For about five minutes last week I started to actually believe Apple — the company that makes iPhones and other electronic devices — would actually be making a car, this time with Hyundai/Kia. Of course, yesterday, reports emerged that, actually, it wasn’t happening in the end.
And today Hyundai and Kia formally said it.
From The Wall Street Journal:
In regulatory filings, Hyundai Motor Co. and Kia Corp. said they are “not in talks with Apple over developing an autonomous vehicle.” The two auto makers have fielded multiple requests from other firms to jointly develop autonomous electric vehicles, though no initial steps have been determined, according to the regulatory filings.
The companies had held talks with the Cupertino, Calif., technology giant about a deal for Hyundai subsidiary Kia to build vehicles for Apple in Georgia, The Wall Street Journal reported last week. The prospect of an auto partnership had sent the Korean companies’ stocks soaring this year, igniting investor enthusiasm after both Kia and Hyundai had suffered years of slumping car sales.
Shares sank 6% for Hyundai Motor following Monday’s regulatory-filing disclosures, while Kia plunged by more than 13%.
The Apple Car remains for me an I’ll-believe-it-when-I-see-it situation, as even if Apple started now this project it’d be years from seeing the light of day. That’s because developing a new car — from sketch to concept to mass production — generally takes three to five years, and that’s for automakers that have decades of experience developing new cars.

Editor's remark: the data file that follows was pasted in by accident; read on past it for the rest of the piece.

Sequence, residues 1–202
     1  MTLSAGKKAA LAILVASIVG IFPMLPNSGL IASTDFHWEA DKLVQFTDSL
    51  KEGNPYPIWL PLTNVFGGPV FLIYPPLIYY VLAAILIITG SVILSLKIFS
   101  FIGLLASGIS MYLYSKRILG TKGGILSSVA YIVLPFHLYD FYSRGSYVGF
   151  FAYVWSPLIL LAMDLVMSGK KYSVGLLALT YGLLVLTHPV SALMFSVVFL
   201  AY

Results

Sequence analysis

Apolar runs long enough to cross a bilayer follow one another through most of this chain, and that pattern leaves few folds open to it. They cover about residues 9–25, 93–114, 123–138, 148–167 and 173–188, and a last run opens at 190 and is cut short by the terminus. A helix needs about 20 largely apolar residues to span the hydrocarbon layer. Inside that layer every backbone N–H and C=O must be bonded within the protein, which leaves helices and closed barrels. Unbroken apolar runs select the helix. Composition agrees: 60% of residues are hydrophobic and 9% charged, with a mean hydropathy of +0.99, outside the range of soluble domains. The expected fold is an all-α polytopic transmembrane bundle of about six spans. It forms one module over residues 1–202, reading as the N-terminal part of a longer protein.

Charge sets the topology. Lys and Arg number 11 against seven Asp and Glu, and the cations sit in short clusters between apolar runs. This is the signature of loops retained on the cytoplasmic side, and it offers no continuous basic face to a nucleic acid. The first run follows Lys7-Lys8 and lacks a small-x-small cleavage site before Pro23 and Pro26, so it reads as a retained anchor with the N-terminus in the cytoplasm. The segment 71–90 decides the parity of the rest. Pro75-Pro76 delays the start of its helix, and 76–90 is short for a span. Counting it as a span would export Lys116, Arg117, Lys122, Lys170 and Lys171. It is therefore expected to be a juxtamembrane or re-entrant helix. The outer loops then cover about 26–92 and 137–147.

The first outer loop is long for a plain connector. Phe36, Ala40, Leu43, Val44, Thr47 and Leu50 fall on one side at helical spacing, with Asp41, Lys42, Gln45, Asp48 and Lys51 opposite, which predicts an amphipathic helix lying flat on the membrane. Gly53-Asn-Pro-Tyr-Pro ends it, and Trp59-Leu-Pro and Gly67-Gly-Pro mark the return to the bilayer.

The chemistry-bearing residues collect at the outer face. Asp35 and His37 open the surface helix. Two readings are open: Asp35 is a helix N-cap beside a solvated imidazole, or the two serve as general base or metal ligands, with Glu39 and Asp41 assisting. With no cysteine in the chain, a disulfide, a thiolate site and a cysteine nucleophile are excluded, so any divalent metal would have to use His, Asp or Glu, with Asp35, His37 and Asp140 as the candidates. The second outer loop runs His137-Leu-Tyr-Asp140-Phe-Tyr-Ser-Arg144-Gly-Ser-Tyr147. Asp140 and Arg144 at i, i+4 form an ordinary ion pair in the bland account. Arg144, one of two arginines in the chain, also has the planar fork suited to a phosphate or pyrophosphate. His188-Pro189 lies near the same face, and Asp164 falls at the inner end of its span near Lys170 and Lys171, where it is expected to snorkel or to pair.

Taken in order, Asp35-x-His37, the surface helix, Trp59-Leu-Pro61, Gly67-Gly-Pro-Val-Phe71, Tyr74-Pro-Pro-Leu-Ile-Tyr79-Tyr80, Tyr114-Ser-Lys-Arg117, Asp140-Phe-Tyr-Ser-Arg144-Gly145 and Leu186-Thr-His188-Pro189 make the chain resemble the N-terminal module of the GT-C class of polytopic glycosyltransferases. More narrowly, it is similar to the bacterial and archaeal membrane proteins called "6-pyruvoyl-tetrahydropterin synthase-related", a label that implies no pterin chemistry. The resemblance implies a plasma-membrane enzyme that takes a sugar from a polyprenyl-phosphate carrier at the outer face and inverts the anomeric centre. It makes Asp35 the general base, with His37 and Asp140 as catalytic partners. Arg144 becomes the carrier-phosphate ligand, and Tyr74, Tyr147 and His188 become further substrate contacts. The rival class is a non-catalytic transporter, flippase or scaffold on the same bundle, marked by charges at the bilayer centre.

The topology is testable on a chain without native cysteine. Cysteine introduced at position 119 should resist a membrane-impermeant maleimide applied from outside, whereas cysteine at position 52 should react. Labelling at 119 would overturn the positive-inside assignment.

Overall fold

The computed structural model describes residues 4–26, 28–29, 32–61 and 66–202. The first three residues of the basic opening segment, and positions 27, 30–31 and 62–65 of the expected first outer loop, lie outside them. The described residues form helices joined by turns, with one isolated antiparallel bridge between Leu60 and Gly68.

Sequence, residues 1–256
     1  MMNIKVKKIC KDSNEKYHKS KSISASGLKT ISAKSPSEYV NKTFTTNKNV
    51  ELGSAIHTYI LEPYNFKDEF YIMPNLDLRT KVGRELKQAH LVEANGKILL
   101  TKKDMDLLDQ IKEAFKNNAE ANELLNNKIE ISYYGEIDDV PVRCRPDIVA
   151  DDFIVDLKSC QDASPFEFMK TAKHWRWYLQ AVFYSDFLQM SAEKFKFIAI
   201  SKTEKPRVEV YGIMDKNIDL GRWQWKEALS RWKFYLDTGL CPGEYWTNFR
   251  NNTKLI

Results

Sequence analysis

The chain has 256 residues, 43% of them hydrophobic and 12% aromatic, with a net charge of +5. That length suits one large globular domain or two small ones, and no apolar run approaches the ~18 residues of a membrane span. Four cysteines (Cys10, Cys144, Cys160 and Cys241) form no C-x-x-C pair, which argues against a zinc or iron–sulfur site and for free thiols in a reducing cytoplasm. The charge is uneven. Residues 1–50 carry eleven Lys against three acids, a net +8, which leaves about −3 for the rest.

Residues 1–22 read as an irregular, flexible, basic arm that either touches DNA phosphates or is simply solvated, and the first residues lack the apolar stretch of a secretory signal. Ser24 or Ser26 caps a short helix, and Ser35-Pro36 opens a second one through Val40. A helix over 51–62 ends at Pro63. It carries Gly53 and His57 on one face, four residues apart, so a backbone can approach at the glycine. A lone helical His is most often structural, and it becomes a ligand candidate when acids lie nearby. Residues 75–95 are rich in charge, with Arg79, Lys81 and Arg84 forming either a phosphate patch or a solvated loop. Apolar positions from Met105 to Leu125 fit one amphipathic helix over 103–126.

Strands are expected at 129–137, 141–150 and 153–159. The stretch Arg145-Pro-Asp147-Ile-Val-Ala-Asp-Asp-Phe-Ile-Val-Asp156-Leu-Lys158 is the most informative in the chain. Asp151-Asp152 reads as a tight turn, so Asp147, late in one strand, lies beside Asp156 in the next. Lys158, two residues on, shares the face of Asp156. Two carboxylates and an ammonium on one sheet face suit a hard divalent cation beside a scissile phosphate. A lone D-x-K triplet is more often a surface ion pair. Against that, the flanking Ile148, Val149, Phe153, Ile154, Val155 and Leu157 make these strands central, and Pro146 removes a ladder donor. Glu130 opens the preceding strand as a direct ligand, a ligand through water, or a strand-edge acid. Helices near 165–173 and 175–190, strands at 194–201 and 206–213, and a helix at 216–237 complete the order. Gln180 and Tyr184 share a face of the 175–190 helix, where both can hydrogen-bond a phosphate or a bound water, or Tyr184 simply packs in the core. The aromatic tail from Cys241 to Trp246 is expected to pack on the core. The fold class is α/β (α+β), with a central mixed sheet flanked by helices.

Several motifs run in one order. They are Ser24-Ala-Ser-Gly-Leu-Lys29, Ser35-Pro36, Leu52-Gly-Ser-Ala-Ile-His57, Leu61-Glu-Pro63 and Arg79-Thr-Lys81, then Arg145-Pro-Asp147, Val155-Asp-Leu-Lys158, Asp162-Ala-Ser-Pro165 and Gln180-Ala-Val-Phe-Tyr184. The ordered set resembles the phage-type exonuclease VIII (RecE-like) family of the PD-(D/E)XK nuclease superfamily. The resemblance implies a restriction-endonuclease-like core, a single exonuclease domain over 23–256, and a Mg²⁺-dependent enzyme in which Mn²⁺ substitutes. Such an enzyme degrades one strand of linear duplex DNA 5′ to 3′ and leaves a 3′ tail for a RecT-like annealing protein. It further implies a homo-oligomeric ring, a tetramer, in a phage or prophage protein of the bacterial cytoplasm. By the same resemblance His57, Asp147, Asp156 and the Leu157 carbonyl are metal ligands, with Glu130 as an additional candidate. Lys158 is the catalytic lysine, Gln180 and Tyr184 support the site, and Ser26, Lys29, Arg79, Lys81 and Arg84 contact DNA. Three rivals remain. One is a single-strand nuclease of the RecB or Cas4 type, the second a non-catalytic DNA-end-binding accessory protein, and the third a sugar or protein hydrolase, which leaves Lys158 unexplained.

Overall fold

Sure, Apple could perhaps shortcut that a bit by partnering with an established car company like Hyundai/Kia, but it’s hard to see what special expertise Apple brings to the table; it took Tesla 15 years to become a viable automaker. It’s also hard to see what innovations Apple would bring to cars. What’s the killer app? Because I have a feeling that “CarPlay but better integrated” won’t do the trick. Maybe the killer app is “autonomy but it actually works” but then we are back into I’ll-believe-it-when-I-see-it land.
And while this could all presage Apple still tying up with Hyundai/Kia or another automaker, with each new delay an Apple Car feels further and further away.
And all of that said I’m old enough to remember when Blackberry and Nokia were the dominant players in the cell phone market. And then in 2007, the iPhone was introduced — truly wasn’t all that great in the beginning. But then it got better. And then, by the time of iPhone 4 and 5, Apple was producing what might be the best phones ever made. So, yes, don’t underestimate this company, but also what have they done since then that’s really moved the needle? “Better iPads” do not count.